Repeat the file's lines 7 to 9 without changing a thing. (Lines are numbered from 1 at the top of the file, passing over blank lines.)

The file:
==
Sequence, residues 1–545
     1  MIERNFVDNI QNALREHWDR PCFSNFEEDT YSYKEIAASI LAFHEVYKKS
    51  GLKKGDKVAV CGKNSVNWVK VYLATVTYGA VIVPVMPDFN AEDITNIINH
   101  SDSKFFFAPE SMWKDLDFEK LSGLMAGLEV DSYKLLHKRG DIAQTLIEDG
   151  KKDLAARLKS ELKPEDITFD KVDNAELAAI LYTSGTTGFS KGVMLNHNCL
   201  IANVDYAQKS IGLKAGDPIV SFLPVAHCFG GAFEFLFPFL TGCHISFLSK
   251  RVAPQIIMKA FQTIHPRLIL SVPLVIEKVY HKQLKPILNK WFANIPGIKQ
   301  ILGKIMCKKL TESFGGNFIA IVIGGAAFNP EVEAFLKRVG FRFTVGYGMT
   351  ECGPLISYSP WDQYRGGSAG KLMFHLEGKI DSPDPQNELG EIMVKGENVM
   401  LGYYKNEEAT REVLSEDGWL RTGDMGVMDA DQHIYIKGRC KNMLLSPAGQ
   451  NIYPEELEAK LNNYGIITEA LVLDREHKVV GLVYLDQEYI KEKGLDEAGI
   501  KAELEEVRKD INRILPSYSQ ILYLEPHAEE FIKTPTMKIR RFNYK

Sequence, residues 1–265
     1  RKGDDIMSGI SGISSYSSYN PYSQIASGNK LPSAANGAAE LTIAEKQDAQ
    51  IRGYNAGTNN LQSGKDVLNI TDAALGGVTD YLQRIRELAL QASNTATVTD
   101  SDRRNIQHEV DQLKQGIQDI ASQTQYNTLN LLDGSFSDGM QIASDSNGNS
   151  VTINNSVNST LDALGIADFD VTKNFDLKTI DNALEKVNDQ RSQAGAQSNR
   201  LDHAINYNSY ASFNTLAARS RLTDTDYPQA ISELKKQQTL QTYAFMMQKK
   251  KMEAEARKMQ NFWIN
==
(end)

   251  RVAPQIIMKA FQTIHPRLIL SVPLVIEKVY HKQLKPILNK WFANIPGIKQ
   301  ILGKIMCKKL TESFGGNFIA IVIGGAAFNP EVEAFLKRVG FRFTVGYGMT
   351  ECGPLISYSP WDQYRGGSAG KLMFHLEGKI DSPDPQNELG EIMVKGENVM